I’ve never done marathons on consecutive weekends and have wondered if I could trick my legs into believing they weren’t tired. Last Sunday I finished the Honolulu Marathon with my husband. Today, thanks to much appreciated encouragement from race organizer Kawika Carlson, I completed the Hawaii Kai Ultra Run marathon (my 21st). Guess what: my legs are pretty tired! And my mind is kaput. So I’ll write more tomorrow after a good night’s sleep and after more endorphins kick in!
Days have passed by so quickly since the marathon that I almost forgot about Wednesday’s post!
And here it is Wednesday evening. And here I was so sure that after finishing my 20th marathon last Sunday I would be moving onto different kinds of marathons — the kind of long-term goals that require commitment, endurance, and humor, like being a better parent and playing the bassoon again.
So why am I already thinking about a 21st marathon? Has the proverbial Runner’s High made me take leave of my senses?
I’ll keep you posted and set the stage for a cliffhanger — but I’ll let you know by this weekend!
The handsome guy on the right finished his 1st marathon, I completed my 20th.
This one was special: we did all 26.2 miles together. We stayed with each other from start to finish. At times he was stronger and he lifted me; other times I felt like my experience could help my husband. We talked, laughed, and were quiet at times. Fellow marathoners and spectators cheered for us.
We crossed the finish line holding hands and our arms raised in joy and relief.
Every mile of this marathon and marriage has been worth it!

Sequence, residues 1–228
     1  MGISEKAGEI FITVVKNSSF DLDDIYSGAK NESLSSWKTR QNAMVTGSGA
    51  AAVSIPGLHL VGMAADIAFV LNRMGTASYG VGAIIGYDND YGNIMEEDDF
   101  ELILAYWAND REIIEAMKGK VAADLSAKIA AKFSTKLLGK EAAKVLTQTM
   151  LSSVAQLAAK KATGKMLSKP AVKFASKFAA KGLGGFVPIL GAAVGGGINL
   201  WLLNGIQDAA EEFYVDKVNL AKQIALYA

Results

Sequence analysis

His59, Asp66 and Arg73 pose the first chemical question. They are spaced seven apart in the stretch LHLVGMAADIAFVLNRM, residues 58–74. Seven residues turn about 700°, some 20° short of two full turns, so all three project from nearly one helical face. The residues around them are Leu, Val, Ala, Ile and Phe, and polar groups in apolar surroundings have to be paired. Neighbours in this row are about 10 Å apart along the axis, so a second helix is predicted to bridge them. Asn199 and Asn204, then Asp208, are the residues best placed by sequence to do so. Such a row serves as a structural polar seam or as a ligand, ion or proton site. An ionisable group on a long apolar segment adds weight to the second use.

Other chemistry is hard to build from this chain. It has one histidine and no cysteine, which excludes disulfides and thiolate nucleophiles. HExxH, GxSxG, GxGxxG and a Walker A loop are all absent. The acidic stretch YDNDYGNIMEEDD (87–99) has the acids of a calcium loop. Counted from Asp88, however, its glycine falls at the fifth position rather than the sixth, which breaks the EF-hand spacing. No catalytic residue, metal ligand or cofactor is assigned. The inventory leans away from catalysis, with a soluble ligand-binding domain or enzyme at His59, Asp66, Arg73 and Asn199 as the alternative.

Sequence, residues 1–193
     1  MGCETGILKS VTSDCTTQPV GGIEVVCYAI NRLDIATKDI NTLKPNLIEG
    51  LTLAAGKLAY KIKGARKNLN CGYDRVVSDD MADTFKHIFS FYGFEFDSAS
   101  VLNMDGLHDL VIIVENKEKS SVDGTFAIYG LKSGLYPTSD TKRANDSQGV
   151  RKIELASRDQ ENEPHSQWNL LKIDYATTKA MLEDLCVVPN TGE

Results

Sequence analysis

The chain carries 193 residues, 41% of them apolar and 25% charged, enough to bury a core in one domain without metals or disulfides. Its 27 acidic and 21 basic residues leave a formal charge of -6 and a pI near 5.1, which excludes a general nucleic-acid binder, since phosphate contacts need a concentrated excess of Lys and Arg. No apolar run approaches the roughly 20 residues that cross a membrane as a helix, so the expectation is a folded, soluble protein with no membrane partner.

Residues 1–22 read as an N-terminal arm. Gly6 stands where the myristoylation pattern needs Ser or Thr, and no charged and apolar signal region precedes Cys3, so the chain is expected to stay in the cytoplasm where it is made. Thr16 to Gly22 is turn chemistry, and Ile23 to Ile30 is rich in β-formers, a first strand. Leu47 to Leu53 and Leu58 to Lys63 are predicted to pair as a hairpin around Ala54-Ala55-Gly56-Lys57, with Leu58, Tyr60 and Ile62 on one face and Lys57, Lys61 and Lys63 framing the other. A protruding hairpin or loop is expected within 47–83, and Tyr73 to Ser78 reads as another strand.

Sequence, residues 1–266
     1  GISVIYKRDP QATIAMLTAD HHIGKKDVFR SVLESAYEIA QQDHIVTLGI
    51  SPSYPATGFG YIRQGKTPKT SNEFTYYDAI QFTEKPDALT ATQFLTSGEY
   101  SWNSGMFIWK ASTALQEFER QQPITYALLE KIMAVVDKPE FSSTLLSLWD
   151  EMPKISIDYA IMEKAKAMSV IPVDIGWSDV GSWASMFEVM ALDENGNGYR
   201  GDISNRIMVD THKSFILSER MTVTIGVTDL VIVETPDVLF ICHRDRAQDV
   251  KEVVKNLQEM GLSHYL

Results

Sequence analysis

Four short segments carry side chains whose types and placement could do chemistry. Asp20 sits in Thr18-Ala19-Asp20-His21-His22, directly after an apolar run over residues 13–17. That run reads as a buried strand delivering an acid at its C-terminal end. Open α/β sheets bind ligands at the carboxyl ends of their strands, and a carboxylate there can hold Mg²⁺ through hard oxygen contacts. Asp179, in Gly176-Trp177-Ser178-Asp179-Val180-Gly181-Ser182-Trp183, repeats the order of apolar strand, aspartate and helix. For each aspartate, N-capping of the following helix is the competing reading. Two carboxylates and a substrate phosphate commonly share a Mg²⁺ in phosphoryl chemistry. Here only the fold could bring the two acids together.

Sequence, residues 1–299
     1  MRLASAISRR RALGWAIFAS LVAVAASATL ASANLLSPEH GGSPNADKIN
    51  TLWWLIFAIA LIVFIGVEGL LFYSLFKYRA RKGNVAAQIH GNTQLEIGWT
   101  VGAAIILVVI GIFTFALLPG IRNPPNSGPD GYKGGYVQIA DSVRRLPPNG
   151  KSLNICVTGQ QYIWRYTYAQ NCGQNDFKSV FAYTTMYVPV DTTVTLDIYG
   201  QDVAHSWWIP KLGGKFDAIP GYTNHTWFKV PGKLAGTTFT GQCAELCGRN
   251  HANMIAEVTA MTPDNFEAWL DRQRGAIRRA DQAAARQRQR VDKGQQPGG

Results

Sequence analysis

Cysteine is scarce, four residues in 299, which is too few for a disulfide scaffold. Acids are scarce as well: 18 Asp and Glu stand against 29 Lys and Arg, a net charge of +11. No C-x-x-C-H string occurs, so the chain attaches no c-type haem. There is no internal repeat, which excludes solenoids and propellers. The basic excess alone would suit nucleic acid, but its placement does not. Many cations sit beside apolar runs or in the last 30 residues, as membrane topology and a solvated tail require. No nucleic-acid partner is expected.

Well, friends, it’s Wednesday and on Sunday I’ll attempt to complete my 20th marathon.
Because I’ll be with my husband who is doing his first and will be walking a fair amount, I haven’t had quite the same muscle aches, strains, and cramps I have learned to embrace.
I also haven’t had the nice weight loss that usually comes with hard training, but that’s fine.
I am convincing myself that allergies and I are just having a bad date right now, nothing more serious than that. If so, I will smell of garlic soon which has helped overcome many a cold in rapid time.
Fortunately, I have very concrete goals at work to keep my mind free from wandering too far. Stay in the moment as many good friends have said.
I’ve never, ever been someone who wants time to rush by except when I’m in an airplane. I look forward, though, to posting again on Sunday with what I hope will be good news about finishing those 26.2 miles. Send good thoughts to all of us out there. We appreciate them!
How is that for a headline!
And what does it mean?
My husband looked at it while I was typing and said, “Oh no, your readers will assume the worst!”
I told him I would let readers know as soon as possible I am just fine, that I could have fun with this post.
I’m a middle-aged guy who recently reconnected with many of his high school classmates. I sent them an early holiday picture of my beautiful family: my husband of 15 years and our gorgeous, seven-year-old daughter.
In high school, I was easily identified as the skinny kid with blond hair who wrote poetry, and played tennis and the bassoon. In fact, I’m still skinny, write poetry, play tennis and the bassoon. My hair is pretty much the same as way back when. The blond is being overtaken by gray, but I still have the same bangs and haircut!
I was also the gay guy who dreaded the torment — verbal and physical — I faced almost every day. I couldn’t wait to escape the small village, small high school, and long winters of my youth. I was convinced my writing skills and determination would help me find my place in a larger, more accepting world.
Guess what? It didn’t happen overnight! It took decades.
Part of that, of course, was accepting myself and learning forgiveness.